Shock the Crap Out Of'em

Three days left in my CCU. Yesterday was my only day off per week. They do this so that we don’t have any more incidents where residents jump off the roof of the hospital to their death. I am pretty confident that had there been no casualties we would still be working 24/7. They tell us it’s better for our education to work the long hours. “Care continuity” is the magic word around here and every time us residents hear it we begin to feel our peristaltic waves changing direction as the food slowly makes it’s way up our esophagus.
There are fresh new faces here and more tragic stories. A Few Updates, Ms. R with the widow maker is doing quite well and maybe, contrary to our medical opinion, she may actually one day make it out of this hospital. “Paranoid deluxe” went upstairs to torment another resident who will undoubtedly attempt to take his own history. “Dah” is still here and heading downhill, his kidneys, after realizing that his cerebral cortex had royally screwed up, have decided to shut down for a while as they mourn the passing of normal cardiac function. He started dialysis yesterday and all of us are waiting for his kidneys to recover from their loss and get back to work.
Mr. C is new, he is a poor soul who ran into an overzealous EMT responder who decided to shock him three times so that his heart would come back to life. It did, and now Mr. C is intubated in my CCU with practically no brain function (there was no oxygen going to his brain for a long time). He has absolutely no medical chance of recovery and now can depend on a life hooked up to a machine that will help him breath when all he wants is to stop breathing. The intern who saw him overnight decided to place an external defibrillator on his abdomen just in case he codes again. We were all very happy to know that if Mr. C codes he we would send enough voltage through his bowels that we would shock the crap out of him (literally!). At least he would die on an empty stomach.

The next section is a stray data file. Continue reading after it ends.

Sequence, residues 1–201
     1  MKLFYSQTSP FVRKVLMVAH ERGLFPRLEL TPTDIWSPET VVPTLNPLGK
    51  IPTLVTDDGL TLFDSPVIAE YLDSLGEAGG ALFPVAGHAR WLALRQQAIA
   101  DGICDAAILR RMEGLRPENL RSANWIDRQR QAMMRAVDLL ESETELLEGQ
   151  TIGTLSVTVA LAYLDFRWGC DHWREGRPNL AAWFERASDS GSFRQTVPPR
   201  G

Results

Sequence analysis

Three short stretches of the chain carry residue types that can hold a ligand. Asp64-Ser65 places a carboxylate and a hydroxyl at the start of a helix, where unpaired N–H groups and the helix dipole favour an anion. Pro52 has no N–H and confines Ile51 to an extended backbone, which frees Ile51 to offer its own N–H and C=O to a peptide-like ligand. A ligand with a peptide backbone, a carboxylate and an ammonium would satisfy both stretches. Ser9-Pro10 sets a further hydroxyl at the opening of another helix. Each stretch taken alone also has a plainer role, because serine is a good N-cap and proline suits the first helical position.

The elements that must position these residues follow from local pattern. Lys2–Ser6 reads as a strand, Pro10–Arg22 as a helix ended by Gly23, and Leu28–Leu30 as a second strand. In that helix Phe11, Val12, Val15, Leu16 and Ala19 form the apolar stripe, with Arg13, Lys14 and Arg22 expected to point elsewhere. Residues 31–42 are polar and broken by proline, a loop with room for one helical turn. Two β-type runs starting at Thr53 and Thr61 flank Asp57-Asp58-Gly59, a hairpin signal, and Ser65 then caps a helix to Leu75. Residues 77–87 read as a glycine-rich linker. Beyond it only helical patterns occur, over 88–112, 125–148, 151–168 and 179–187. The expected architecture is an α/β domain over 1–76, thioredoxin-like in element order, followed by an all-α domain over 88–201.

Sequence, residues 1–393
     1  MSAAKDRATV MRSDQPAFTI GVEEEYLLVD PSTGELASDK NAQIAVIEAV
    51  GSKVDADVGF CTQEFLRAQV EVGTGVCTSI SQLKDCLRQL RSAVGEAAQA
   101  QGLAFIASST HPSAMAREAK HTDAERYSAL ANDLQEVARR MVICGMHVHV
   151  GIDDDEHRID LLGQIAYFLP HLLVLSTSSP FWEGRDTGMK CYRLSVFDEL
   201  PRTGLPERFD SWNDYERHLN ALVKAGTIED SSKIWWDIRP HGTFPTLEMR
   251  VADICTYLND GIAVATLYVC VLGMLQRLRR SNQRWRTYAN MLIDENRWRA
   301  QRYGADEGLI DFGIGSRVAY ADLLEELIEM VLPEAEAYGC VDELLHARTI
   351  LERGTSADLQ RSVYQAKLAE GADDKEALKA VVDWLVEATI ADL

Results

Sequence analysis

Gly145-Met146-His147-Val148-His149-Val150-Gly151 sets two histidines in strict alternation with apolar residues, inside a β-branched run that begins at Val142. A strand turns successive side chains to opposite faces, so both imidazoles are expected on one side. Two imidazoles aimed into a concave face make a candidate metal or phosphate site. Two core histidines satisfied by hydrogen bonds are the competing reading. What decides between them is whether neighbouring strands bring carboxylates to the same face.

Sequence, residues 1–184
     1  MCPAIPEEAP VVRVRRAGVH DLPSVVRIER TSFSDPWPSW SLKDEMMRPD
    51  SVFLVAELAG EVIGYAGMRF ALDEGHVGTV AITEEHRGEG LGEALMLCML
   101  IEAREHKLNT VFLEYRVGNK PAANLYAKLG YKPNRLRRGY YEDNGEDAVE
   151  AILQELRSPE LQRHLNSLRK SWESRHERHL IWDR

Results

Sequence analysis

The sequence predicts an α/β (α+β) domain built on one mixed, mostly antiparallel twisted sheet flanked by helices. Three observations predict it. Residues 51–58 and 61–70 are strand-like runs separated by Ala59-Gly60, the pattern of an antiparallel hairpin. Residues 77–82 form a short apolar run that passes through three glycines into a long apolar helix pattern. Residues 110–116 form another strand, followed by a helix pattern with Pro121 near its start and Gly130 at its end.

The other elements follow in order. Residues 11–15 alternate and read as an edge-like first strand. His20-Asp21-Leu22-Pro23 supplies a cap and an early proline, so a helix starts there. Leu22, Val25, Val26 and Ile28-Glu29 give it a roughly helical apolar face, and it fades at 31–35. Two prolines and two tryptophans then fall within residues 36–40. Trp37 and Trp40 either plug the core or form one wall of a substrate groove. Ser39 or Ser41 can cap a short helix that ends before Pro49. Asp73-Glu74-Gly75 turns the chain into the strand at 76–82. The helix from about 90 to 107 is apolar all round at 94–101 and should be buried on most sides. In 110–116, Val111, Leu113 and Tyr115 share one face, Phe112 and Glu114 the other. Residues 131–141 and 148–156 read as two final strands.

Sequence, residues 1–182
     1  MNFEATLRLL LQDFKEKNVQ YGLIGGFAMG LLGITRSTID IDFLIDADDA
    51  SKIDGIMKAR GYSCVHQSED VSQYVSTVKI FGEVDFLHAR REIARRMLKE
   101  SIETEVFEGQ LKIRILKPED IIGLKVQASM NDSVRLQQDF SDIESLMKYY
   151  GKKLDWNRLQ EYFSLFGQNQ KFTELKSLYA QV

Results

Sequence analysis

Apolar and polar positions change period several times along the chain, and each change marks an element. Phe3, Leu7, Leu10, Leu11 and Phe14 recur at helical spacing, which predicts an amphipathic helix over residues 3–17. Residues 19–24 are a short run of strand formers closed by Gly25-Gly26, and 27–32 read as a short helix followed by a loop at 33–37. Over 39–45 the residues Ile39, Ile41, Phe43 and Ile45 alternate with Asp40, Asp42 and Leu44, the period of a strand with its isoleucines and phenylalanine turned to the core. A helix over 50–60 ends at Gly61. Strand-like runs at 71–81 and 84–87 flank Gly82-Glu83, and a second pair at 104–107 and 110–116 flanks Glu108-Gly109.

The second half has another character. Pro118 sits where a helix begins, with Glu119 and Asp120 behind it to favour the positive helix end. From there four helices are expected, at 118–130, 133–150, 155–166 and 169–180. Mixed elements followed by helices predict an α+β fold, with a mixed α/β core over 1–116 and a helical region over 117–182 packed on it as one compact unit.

As medical management I recommend no more medical management. We should let him go to the BUS peacefully but instead we will treat every single abnormality we can and prevent him from doing just that. Welcome to the world of legal medicine. As my favorite teacher used to say "currently we are rearranging the deck chairs on the titanic”!
At least, he won't need any stool softeners.

Question to Readership: I started this blog to convey the general experience we face as residents in a city hospital/any hospital. I am unsure if you would like me to include my patients or the medicine involved in these discussions. What are your opinions? Comment or email me, I would love to hear from you.

Friday, September 24, 2004

Widow Maker

Upon arrival to my CCU I was introduced to a young 58 y/o female currently walking the tightrope between life and death. Earlier today she was admitted with a new onset MI (heart attack). She was rushed to the angiography lab where one of the critical arteries supplying blood to the heart didn't appear on the monitor- it was horrible clogged.
The “widow maker” was so affectionally named due to it’s effectiveness at doing just that. It is a commonly fatal stenosis of one of the critical arteries that supplies the heart and usually affects fifty something year old men, fatally, making their wives widows. Ms. R had no idea of this horrible monster that was forming in her arteries and now it threatens to end everything that is her life.
I had to talk to her family earlier tonight and tell them how grim the situation looks, they cried, I had nothing to say to comfort them at all. I don’t really think I should, she has a very slim chance of survival and they better be prepared. At the moment she’s nearly maxed out on all the possible medication we could give her and the only thing standing between her and the BUS (Big Unit in Sky) is the love of god and a resident with 14 months of experience.
I am scared.
Back to work!

Thursday, September 23, 2004

The Night Crawler

It’s 3 am in my CCU. Lady with dig toxicity and 1 vein and the prior two bleeders went upstairs today while I was passed out at home. By Upstairs I don’t mean the Big Unit in the Sky (BUS=Heaven), I just mean to the medicine floor. Still no CCU patients hitting the BUS on my watch. One should code any minute since I just wrote this. At least my overwhelming paranoia thinks so. The two new admissions are mysteries in and of themselves. “Dah..my heart is ballooning” guy and “paranoia delux” chick.